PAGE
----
Happy Friday everyone!
Hope everyone is finally enjoying some sort of nice weather across the states. Here in New Jersey we have had a wacky mix of rains, floods, and finally sunshine. As soon as I post this I’m taking the little ones outside.
So normally I’m whipping up different meals for Kirina or thinking up ways to spice up baby food. But baby Ela, our newest addition, could care less for such things at the moment. To put it bluntly, she’s into milking the cow. That would be, um, me. Yes, that is what I basically feel like these days. 🙂 It is pretty nice nursing a baby actually, especially since I couldn’t do that with Kirina (she was in the NICU for many days, hence we had a breastfeeding crisis of sorts. Actually it wasn’t a crises, it was a total nightmare! Pumping an ounce or two, supplementing with formula, feeling unnecessarily guilt-ridden for all of the above. Ugh!). Ela came into the world looking for milk…I had not experienced anything quite so natural before. She is a nursing addict. 🙂
Having had both rocky and easy breastfeeding experiences, I thought it would be worth writing about what to do when you are not having such an easy time with milk supply. I learned a lot the last time around and since we are discussing all things spices and global, sharing some insights might help other moms out there. There are things to learn from all the global mothers and grandmothers out there.
For instance, spices are not just for cooking! Meet my friend fenugreek:
One of the oldest and most common methods for increasing a mother’s milk supply is by eating fenugreek seeds, which come from a plant cultivated largely in India, but also in Egypt, Turkey and Morocco. The above is a close-up of what the seeds look like.
Below is me trying to take creative pictures and failing:
This reminds me I need to sign up for a photography class. Or something.
At any rate, fenugreek, or methi, as we call it in India, is used primarily in curries in India, Persia and some other Middle Eastern curries. Usually the seeds are ground into a powder and used in a spice mixture to season the curry. The leaves of the plant are often folded into roti (Indian flatbread) for an extra dimension of flavor.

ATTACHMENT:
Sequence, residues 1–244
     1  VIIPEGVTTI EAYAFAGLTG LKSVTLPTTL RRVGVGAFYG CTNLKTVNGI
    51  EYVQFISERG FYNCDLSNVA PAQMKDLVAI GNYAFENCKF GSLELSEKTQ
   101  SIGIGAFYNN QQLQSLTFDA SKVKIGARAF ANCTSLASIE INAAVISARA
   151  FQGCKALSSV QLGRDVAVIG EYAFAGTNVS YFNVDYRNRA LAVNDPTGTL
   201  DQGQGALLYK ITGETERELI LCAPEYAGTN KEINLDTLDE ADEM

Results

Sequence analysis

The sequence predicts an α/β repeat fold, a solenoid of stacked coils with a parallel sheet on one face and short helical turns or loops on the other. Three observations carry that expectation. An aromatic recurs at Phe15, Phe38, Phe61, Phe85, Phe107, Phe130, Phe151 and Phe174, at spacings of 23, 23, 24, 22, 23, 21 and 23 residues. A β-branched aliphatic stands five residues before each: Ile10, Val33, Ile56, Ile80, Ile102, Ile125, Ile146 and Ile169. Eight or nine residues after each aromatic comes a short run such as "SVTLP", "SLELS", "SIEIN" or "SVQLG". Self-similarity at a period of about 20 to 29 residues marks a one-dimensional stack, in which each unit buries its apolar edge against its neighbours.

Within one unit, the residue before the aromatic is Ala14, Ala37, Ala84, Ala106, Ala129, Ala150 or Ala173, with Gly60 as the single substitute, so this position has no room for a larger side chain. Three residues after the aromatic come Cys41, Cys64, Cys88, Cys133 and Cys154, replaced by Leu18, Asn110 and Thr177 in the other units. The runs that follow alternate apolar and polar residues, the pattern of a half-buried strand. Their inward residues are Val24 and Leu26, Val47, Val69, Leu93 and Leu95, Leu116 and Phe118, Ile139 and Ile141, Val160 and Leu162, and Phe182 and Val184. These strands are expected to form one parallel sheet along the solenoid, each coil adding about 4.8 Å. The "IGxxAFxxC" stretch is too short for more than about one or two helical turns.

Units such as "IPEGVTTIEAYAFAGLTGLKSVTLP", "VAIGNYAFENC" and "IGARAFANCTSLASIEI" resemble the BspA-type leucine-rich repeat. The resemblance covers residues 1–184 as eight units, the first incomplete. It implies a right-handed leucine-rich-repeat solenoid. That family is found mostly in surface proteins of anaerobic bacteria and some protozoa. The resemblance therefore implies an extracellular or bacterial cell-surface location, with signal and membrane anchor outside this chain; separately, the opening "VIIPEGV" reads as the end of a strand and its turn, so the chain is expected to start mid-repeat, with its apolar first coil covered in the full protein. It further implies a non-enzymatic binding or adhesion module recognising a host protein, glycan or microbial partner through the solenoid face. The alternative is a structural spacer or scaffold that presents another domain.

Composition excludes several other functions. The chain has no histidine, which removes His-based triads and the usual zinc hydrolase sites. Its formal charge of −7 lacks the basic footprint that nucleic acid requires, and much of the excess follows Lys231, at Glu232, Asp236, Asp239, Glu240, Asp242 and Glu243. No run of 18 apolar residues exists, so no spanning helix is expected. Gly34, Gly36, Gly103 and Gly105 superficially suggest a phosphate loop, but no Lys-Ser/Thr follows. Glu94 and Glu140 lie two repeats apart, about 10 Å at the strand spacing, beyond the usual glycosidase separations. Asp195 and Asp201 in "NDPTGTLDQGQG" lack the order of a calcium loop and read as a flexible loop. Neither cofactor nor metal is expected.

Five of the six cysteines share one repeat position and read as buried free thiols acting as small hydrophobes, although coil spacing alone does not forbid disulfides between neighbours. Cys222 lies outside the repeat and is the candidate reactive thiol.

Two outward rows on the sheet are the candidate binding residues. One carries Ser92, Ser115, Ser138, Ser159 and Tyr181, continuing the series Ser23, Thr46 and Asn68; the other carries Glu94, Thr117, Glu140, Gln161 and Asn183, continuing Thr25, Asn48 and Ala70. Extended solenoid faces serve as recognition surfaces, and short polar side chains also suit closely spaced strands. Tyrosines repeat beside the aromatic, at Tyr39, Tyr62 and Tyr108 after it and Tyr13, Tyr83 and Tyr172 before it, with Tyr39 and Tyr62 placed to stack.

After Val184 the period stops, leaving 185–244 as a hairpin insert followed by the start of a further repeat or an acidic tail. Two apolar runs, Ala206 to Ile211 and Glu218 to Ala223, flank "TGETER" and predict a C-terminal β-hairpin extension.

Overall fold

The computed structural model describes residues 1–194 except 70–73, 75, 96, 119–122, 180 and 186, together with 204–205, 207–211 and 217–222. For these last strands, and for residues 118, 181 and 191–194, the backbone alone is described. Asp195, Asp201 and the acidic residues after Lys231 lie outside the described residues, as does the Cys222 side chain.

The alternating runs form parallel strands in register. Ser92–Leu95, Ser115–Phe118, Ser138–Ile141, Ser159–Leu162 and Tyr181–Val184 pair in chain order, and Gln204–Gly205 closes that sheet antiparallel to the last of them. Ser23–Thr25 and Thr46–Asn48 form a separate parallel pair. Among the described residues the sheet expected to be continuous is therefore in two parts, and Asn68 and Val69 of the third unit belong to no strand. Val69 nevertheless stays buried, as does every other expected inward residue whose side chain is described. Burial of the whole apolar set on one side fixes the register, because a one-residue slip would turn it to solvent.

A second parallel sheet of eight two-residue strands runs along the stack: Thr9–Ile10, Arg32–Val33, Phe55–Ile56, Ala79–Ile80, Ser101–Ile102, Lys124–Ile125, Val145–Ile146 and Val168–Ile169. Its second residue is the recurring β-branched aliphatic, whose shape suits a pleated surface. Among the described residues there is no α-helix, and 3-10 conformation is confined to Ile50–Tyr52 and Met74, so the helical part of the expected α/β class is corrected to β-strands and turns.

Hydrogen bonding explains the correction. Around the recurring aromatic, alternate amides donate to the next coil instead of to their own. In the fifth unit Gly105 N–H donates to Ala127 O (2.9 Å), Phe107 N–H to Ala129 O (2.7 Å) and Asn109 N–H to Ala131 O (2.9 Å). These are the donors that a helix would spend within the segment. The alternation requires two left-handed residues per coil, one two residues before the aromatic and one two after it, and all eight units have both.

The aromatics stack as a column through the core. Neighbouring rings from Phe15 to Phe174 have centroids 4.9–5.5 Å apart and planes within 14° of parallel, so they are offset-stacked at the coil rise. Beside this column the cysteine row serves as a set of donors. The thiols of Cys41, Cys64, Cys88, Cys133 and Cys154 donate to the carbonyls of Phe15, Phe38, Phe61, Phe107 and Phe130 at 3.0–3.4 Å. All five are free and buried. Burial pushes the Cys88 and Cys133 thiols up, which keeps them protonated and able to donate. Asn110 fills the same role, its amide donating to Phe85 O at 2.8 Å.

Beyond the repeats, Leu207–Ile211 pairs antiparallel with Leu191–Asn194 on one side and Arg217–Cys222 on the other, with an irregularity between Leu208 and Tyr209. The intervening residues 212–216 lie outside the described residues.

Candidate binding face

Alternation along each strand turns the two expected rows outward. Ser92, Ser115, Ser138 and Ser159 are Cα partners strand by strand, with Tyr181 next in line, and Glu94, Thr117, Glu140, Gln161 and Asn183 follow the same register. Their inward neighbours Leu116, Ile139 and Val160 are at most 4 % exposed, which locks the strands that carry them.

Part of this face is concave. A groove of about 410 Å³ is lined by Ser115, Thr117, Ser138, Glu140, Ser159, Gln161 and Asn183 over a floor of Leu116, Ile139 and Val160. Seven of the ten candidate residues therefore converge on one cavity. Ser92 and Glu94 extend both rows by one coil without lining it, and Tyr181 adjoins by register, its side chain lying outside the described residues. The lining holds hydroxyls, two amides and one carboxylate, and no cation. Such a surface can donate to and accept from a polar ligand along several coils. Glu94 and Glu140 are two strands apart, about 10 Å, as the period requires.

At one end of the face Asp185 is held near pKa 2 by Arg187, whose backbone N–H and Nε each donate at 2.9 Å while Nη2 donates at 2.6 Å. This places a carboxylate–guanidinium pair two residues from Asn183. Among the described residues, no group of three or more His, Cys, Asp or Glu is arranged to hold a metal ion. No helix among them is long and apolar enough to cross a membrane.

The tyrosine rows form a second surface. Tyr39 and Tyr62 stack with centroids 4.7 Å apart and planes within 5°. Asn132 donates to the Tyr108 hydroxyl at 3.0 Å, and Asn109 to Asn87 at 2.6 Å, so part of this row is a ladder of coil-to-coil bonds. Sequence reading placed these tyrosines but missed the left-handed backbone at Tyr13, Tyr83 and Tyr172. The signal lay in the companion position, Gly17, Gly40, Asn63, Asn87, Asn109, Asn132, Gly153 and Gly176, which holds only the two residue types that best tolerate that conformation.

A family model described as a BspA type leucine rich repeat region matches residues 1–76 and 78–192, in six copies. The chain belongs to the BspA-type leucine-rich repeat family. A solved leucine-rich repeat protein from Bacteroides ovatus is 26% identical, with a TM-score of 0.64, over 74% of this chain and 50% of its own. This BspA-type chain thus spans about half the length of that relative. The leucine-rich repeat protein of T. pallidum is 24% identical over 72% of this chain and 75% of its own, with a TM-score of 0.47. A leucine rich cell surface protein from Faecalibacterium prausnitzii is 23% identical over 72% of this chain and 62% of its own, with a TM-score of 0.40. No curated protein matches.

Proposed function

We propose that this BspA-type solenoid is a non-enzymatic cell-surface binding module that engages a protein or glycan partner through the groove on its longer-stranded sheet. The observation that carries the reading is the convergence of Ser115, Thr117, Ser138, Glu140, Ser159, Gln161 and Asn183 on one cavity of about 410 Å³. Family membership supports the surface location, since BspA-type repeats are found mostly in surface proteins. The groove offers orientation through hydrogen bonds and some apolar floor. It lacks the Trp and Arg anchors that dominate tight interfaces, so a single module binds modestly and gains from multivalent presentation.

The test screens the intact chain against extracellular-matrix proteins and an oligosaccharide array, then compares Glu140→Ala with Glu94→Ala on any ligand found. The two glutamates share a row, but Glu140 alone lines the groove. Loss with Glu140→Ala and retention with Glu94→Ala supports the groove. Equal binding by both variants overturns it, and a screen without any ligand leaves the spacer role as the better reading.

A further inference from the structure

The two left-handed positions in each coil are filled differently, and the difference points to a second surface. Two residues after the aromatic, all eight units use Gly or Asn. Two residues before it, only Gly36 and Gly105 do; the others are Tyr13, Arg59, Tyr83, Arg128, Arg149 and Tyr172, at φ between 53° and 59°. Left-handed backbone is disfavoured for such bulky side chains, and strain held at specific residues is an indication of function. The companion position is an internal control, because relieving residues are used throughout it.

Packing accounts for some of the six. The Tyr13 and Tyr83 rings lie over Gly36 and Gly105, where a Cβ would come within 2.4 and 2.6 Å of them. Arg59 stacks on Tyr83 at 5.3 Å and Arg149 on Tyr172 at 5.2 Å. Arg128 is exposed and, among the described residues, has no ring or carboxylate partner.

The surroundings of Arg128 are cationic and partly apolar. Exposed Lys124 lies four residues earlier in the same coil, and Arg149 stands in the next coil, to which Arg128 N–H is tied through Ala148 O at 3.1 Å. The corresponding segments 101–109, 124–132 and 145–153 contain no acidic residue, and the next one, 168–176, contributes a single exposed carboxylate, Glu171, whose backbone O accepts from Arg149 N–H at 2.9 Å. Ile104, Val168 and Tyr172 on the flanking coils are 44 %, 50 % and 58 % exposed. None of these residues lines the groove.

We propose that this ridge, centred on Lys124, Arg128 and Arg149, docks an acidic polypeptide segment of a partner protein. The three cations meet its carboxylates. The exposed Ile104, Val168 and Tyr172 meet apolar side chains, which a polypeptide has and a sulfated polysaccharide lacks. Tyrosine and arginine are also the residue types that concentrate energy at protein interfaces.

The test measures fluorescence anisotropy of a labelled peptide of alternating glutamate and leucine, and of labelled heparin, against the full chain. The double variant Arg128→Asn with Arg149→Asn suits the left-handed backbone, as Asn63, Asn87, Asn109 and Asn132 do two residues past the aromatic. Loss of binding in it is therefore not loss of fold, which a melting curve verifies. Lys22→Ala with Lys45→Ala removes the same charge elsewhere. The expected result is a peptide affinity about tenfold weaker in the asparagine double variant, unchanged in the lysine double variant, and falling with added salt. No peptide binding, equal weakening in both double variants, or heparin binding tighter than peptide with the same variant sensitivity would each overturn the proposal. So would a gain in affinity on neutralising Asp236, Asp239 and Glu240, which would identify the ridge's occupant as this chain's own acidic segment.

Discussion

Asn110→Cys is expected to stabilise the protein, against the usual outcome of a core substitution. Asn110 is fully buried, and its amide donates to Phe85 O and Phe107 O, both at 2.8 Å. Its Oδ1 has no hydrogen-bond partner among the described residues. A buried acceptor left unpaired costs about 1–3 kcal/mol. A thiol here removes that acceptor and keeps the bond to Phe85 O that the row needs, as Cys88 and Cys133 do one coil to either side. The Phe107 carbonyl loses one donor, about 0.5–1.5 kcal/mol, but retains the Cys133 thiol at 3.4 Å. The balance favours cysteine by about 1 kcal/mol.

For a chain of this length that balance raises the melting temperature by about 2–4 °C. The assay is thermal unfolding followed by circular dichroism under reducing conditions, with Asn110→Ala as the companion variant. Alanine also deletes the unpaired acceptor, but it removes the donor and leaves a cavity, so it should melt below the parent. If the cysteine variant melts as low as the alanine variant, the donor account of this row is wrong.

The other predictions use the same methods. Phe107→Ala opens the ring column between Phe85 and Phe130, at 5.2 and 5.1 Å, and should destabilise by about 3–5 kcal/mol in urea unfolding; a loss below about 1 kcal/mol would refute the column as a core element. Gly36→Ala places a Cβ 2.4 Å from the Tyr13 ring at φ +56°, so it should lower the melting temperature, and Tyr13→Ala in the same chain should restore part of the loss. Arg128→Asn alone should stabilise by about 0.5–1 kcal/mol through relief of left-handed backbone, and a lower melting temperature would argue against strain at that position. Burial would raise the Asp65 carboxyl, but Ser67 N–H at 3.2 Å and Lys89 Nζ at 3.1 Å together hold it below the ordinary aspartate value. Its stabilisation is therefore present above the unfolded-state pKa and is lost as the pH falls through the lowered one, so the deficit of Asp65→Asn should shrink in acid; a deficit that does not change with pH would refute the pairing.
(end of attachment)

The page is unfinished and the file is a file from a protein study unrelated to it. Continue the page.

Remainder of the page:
Medicinally, fenugreek is a known…(get ready)… galactagogue.
Say that 5 times fast and you get a prize!
For us normal, SAT-flunking humans, all this means is that fenugreek has properties that are known to increase lactation in nursing mothers.
The first time I heard this I thought it was an old Indian grandmother gimmick (other gimmicks include eating yogurt while you are pregnant so your baby is born with “fair skin,” but that is another post and topic entirely, and one that makes me too angry to talk about…people, ahem, out-laws, need to stop giving such ridiculous “advice”). Anyway, after a lot of research I discovered that fenugreek is commonly used all over the world for mothers struggling with milk supply. How cool!
Does it work?
Yes! Though my results were sort of all over the place. I think the problem was that I stopped doing it regularly. Friends who have done this regularly have seen remarkable results. Their supply increased by almost 50% which is huge!
There are ways to take fenugreek. First of all you have to ask your doctor what to do because, as a lawyer, I know I can’t dole out medical/herbal advice without getting my ass sued. 😉 But from my own experiences, you can either find fenugreek capsules in a health food store, or go old school and whip out your methi seed jar from your cabinet:
Don’t have this stocked? Most of us don’t! Any Indian or Asian grocery store can help you out there. I took a tablespoon of seeds and soaked them in water overnight, then gulped the mixture down the next morning. Yes, this might sound off-putting, but the taste is not so bad and it goes down quickly. Lore and research suggest that you need to do this many times a day until (stop reading if you are going to get grossed out) your pee smells like maple syrup (no, I’m not kidding). If you hit this point, you are ingesting enough.
Some women see an increase in milk production overnight, some need to add pumping sessions to increase the seeds’ effectiveness, and still others can’t rely on just seeds alone (they need the supplements). Regardless, I think it’s pretty cool that a spice has such power and that before pumps and related gadgets were invented, this is how women dealt with things. Amazing.
Ask your lactation consultant for more personal advice…but if you are struggling, give this a try!
I’ll close this post from Ela’s highchair to your little one’s…bon appetit! (oh dear. no pun intended).